From: squash
Date: 4 Mar 1998 22:52:55 -0500
Hi Folks
Alas a topology student came by after class, and I worked with him.
When I got home this evening, I found that the MDCS would not let me log
in! (Rather, it did, let me get some tying done, then Netblazer failed.)
So I've come back to school to type...
Some things to know:
Exam B will cover class material as well as though 2.5 of the text,
*excluding* 1.9.
Def of: Linear transformation (between abstract vectorspaces; what is an
example of a map between vectorspaces that ISN'T linear?
Def of: A map between two SETS being injective, surjective. Examples of maps
that are, and that aren't. Examples of linear maps that are and aren't.
Know how to show that the composition of linear maps is linear.
If S is a linear map, between finite dimensional vectorspaces R^k and
R^n, what is the matrix corresponding to S? If I tell you S(e_1), S(e_2),
..., S(e_k), know how to write down the corresponding matrix.
Conversely, given the matrix B for S, how do you tell from B if S is
injective? surjective?
What is the rotation matrix for rotation of the plane by angle theta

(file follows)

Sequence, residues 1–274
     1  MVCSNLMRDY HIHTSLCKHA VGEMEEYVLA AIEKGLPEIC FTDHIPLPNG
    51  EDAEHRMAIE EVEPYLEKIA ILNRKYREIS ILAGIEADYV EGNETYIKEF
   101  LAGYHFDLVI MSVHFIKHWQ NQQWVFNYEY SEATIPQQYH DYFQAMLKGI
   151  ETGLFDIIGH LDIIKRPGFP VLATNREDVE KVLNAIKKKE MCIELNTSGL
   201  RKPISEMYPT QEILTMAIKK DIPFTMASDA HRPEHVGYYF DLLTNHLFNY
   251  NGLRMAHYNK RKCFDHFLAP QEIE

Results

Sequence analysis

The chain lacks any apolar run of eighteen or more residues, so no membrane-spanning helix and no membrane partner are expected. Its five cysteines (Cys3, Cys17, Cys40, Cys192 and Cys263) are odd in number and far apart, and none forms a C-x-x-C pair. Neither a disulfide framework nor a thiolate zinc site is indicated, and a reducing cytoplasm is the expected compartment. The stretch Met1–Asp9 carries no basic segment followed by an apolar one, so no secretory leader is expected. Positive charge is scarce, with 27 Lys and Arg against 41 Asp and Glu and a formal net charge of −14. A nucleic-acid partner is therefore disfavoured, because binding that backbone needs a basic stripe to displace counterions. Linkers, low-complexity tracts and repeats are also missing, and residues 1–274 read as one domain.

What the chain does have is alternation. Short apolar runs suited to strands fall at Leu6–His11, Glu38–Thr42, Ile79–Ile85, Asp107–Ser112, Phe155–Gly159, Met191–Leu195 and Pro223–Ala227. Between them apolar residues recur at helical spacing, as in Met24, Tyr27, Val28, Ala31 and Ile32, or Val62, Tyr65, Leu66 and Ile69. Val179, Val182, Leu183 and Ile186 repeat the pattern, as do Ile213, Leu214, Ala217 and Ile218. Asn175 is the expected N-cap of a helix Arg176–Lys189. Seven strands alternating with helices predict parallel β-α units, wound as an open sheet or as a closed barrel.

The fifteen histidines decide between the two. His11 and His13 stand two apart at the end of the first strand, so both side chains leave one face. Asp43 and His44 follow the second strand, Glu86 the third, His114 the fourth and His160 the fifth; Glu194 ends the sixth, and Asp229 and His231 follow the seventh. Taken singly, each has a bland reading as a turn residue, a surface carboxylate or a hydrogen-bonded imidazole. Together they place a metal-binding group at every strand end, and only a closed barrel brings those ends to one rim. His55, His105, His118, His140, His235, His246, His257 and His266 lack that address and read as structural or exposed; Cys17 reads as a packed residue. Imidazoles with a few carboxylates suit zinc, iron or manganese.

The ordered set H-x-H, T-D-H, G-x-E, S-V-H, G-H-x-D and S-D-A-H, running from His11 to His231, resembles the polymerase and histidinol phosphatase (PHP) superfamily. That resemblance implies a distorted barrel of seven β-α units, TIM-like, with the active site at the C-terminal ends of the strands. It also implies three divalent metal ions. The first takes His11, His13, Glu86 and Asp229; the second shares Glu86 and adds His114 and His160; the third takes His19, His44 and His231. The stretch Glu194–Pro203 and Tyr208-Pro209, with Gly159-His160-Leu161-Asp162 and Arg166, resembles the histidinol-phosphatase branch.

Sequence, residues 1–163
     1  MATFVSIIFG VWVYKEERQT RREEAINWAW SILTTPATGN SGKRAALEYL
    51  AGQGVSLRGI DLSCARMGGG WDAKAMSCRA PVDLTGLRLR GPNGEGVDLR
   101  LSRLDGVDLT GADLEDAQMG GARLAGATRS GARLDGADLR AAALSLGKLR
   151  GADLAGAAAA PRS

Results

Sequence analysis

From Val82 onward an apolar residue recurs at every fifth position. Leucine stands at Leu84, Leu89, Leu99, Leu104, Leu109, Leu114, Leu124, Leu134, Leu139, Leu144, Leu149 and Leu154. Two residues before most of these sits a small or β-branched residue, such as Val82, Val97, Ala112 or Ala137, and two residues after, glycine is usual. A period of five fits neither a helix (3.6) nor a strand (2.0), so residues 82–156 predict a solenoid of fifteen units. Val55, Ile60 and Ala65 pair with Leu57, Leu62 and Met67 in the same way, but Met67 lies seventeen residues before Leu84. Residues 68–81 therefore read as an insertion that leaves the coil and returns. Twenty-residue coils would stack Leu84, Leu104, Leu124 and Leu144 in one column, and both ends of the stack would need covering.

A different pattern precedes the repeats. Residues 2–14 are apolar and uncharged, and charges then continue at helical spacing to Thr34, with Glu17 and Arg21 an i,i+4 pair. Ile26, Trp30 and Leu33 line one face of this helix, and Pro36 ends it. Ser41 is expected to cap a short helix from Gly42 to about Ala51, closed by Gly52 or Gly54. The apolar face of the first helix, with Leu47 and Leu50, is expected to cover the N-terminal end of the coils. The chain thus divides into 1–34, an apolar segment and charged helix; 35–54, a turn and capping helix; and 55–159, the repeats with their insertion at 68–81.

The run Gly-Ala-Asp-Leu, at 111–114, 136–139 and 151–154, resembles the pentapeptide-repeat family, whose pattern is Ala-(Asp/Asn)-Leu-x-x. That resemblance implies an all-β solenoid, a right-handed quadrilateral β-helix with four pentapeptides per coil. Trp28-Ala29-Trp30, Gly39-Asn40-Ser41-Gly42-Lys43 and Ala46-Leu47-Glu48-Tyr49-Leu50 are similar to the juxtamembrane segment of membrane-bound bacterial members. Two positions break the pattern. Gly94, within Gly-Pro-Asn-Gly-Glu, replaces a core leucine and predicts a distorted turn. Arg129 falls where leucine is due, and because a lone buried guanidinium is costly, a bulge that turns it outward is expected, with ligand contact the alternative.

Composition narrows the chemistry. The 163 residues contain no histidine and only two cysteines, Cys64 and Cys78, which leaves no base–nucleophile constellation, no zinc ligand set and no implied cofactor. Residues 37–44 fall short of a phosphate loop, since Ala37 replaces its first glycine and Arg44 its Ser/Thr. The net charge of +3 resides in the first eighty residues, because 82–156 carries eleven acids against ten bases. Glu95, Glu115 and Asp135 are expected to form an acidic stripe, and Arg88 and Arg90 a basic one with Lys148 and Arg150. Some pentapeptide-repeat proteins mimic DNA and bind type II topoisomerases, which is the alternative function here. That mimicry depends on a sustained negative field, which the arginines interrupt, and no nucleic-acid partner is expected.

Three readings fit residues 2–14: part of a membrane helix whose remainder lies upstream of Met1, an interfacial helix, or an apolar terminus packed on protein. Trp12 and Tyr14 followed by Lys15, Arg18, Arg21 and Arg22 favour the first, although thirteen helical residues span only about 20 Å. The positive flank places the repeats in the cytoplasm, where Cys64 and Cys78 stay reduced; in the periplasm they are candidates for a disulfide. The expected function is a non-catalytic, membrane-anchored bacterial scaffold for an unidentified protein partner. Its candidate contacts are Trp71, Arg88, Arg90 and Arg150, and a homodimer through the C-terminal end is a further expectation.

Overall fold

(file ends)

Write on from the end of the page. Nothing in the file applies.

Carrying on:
Needless to say [but I'm going to say it anyway], theta is in radians.
What happens when you compose rotations? Know how to derive the
cos and sin of a sum of angles
formulae, the way we did in class (using that the composition of two
rotations is another rotation, etc.).
Given linear transformations T_B and T_A, coming from matrices B and A,
what is the matrix corresponding to the composition
T_B o T_A ?
What is a "shear transformation", and what is its matrix? Example
question. If I rotate the plane by Pi/6, then shear in the horizontal
direction by 3 units, at height one [so the shear leaves e_1 alone, and
sends e_2 to (e_2 + 3e_1)], what is the 2x2 matrix which describes the
resulting transformation? (That is, rotation followed by shear.)
If A is an nxn non-singular matrix, how can I use rref to compute A^{-1}
(that is, A inverse)?
Know how to accurately and completely state the following theorems:
In section 2.2: Thms 6, 7.
In section 2.3: Thms 8,9
Know how to add and multiply partitioned matrices. A typical problem is
P.130: 9, or any of 13-20.
Know how to do an "LU" factorization of a matrix A, under the assumption
that A can be row-reduced to an ref *without* using row-transpositions.
An example is worked out in detail on P.136. Note that L is always
square, and that U is an ref of A. Note that there is NOT a unique LU
decomposition; A can row-reduce to lots of different matrices which are in
ref.
Know how to use an LU factorization of A to solve an equation Ax=b,
where b is a given column vector and x is the unknown.
More forthcoming, (some older stuff)
-J.King